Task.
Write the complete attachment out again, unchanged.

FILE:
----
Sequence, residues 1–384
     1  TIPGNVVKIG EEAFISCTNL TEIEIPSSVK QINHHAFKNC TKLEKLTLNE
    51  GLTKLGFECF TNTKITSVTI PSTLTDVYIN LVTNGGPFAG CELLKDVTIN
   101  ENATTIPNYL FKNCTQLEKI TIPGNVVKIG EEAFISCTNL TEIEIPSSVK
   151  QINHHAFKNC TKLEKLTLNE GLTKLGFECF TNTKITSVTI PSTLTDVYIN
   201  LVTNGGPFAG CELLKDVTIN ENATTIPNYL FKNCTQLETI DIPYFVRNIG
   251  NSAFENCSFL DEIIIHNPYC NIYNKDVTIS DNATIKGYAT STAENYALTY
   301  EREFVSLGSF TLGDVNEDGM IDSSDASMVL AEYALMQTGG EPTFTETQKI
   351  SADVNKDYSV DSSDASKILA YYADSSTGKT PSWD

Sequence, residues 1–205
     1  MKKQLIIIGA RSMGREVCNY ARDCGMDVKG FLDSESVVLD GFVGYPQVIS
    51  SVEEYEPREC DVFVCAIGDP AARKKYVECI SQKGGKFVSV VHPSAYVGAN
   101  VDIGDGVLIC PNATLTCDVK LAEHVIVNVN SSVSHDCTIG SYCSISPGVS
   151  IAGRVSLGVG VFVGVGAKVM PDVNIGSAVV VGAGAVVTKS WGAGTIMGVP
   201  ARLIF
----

Sequence, residues 1–384
     1  TIPGNVVKIG EEAFISCTNL TEIEIPSSVK QINHHAFKNC TKLEKLTLNE
    51  GLTKLGFECF TNTKITSVTI PSTLTDVYIN LVTNGGPFAG CELLKDVTIN
   101  ENATTIPNYL FKNCTQLEKI TIPGNVVKIG EEAFISCTNL TEIEIPSSVK
   151  QINHHAFKNC TKLEKLTLNE GLTKLGFECF TNTKITSVTI PSTLTDVYIN
   201  LVTNGGPFAG CELLKDVTIN ENATTIPNYL FKNCTQLETI DIPYFVRNIG
   251  NSAFENCSFL DEIIIHNPYC NIYNKDVTIS DNATIKGYAT STAENYALTY
   301  EREFVSLGSF TLGDVNEDGM IDSSDASMVL AEYALMQTGG EPTFTETQKI
   351  SADVNKDYSV DSSDASKILA YYADSSTGKT PSWD

Sequence, residues 1–205
     1  MKKQLIIIGA RSMGREVCNY ARDCGMDVKG FLDSESVVLD GFVGYPQVIS
    51  SVEEYEPREC DVFVCAIGDP AARKKYVECI SQKGGKFVSV VHPSAYVGAN
   101  VDIGDGVLIC PNATLTCDVK LAEHVIVNVN SSVSHDCTIG SYCSISPGVS
   151  IAGRVSLGVG VFVGVGAKVM PDVNIGSAVV VGAGAVVTKS WGAGTIMGVP
   201  ARLIF